Your Playbook for the Next Five Years
Monday, 22 February 2021
By Greg Canavan
[5 min read]
I recently moved into a new home in Wollongong.
In between selling our house in Melbourne, and buying again, I had a decent chunk of change looking for a return.
I could’ve punted it on Bitcoin [BTC], and bought two houses, but I didn’t know that at the time, did I?
Instead, I stuck with sensible and looked for the best interest rate I could find.
It was depressing. The best rate was only payable on amounts up to $250k. On anything above that you’re looking at around 0.5%. And then, when trying to get large sums moved between banks to get ready for settlement, the ‘Big Four bank’ charged me $28 to transfer the money. They called it a ‘telegraphic transfer’. It’s so 1980s.
The other side of that equation is the stock market. It’s seemingly going up, day after day. Meanwhile, economies around the world are in various stages of lockdown or life support.
It doesn’t make sense, does it?
This is the dilemma you and I are forced to grapple with these days.
Sit in cash, feel ‘safe’, and go nowhere (or backwards as the purchasing power of our dollars decline).
Or get in the market and deal with the constant worry and anxiety that all this must ‘collapse’ at some point.
If you identify with this feeling, read on…
Because today, I’m going to give you a bit of a framework for how to think about investing over the next few years. If you follow along, and see the logic, it could save you a lot of worry, not to mention capital, over the next few years.
Let’s (briefly) go back to 2008. That’s when something in the global financial system broke. It brought about the need for central bank and government involvement and it has never let up.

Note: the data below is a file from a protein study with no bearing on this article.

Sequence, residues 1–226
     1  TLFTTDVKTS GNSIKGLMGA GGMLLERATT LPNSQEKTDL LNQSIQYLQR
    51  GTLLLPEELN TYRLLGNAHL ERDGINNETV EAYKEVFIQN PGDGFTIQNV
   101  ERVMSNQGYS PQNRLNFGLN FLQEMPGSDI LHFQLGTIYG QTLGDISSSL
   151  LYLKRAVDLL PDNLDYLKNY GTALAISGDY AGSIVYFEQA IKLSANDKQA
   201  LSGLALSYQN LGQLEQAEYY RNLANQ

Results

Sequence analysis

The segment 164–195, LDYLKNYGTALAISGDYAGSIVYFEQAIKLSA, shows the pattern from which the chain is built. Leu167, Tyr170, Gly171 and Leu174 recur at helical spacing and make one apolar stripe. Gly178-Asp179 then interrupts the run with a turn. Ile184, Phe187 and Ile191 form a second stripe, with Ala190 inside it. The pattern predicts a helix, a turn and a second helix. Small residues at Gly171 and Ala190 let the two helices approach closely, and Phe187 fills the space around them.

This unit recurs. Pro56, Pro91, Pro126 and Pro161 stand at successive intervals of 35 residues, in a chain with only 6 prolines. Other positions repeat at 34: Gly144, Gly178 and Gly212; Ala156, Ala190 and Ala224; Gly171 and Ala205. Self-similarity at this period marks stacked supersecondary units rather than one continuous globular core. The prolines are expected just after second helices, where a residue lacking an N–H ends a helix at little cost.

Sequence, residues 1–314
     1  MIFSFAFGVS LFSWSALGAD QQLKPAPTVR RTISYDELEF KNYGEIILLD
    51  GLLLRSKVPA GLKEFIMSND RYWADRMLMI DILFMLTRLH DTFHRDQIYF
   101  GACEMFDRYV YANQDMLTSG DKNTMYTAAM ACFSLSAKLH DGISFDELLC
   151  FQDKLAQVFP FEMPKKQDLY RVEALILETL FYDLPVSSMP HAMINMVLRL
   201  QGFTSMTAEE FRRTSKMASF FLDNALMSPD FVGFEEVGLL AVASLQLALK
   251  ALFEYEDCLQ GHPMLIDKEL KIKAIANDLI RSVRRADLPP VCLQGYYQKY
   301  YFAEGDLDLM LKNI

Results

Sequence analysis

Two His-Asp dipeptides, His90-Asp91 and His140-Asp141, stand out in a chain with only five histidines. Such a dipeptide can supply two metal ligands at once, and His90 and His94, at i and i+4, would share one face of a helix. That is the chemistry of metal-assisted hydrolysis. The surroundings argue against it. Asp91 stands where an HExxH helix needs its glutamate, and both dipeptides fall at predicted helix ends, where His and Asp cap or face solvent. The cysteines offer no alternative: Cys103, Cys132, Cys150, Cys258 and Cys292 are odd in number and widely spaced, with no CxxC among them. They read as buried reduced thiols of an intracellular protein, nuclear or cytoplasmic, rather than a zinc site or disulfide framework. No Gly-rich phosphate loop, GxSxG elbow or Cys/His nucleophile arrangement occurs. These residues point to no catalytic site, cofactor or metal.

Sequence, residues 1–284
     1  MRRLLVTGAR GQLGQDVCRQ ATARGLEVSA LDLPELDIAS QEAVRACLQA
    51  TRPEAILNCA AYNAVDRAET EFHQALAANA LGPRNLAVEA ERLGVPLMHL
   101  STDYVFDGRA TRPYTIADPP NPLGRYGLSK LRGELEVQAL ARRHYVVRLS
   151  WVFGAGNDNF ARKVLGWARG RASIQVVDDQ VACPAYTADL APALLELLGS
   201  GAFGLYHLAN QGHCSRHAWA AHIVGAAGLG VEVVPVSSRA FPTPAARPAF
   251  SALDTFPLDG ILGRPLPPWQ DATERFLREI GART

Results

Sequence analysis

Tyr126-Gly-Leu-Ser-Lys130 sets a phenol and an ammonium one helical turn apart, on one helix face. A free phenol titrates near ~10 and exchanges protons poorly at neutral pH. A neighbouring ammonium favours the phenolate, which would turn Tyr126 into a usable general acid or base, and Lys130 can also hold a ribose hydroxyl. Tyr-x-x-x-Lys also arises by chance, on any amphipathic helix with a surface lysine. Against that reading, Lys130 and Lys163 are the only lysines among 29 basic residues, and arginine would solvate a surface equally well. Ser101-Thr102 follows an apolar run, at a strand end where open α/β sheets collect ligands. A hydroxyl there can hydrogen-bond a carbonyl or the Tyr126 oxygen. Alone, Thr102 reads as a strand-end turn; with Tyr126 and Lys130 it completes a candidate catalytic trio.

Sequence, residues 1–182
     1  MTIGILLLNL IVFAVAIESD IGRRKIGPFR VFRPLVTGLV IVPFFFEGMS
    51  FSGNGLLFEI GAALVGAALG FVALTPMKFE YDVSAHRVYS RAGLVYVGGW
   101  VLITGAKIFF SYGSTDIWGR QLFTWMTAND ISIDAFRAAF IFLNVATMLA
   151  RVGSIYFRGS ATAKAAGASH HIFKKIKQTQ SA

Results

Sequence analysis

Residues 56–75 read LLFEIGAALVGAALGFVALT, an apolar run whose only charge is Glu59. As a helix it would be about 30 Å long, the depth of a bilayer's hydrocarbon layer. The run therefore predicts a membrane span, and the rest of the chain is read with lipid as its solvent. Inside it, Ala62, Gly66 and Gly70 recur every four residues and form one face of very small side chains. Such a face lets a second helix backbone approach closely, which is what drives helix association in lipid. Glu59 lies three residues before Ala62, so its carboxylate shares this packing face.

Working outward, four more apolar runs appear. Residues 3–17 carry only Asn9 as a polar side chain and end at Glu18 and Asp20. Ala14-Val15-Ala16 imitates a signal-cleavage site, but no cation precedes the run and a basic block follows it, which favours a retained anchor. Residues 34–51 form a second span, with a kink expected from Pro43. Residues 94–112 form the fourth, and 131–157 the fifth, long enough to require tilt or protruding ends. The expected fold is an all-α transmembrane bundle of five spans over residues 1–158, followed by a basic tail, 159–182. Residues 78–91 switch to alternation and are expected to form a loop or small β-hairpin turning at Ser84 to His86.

It should be clear to anyone paying attention that the system can no longer function without central bank support.
COVID was sort of like a GFC Mark II. It brought about a global monetary and fiscal response that dwarfed 2008.
That kicked off a round of market speculation that defies logic. I guess that’s what extreme speculation does: it defies logic. But this has created very confusing conditions for sensible investors.
By that I mean when people talk about ‘the market’ going crazy, they are in fact talking about a relatively small number of stocks. But they are such a dominant part of the market, in terms of their size and the narrative that supports their prices, in the minds of many people they have in fact become ‘the market’.
Let me give you a few examples. When the lockdowns hit, it changed people’s behaviours very quickly. Tech was a major beneficiary. Soon, huge amounts of capital began flowing into the sector.
Valuations didn’t matter. The story was good, and earnings would benefit from everyone being locked down.
As a result, the FANG+ Index, which includes the five core ‘FANG’ stocks — Facebook, Apple, Amazon, Netflix and Alphabet’s Google — plus another five actively-traded technology growth stocks — Alibaba, Baidu, NVIDIA, Tesla and Twitter, has gone nuts since the pandemic lows.
It’s up around 200% in less than a year.
Related to this, another investment narrative quickly sprang up…
The world is ‘going green’, and electric vehicles (and the metals required for battery development) will drive the trend.
The Global X Autonomous & Electric Vehicles ETF [NASDAQ:DRIV] is a good proxy for this trend. It’s also up around 200% from the lows of last March.
It’s an index that includes the logic defying Tesla. There is little doubt in my mind this is a spectacular bubble. I mean, just recently Tesla boss Elon Musk spent US$1.5 billion of its cash on bitcoin, rather than invest in the actual business!
And bitcoin itself has been the beneficiary of billions of dollars of inflows over the past six months, as governments and central banks are clearly playing the devaluation game. Bitcoin is trickier to evaluate. It could easily go higher from here. But it’s also clear to me it’s a speculative play on a broken monetary system.
The stocks included in the above indices are all very large. So it goes without saying that many smaller stocks exposed to the same speculative themes have also gone nuts.
The common theme is that they are united by a positive narrative about the future. Valuations don’t matter. And they might not matter for a long time to come.
But for investors wanting exposure to the market, without the risks inherent in these ‘narrative plays’, what do you do?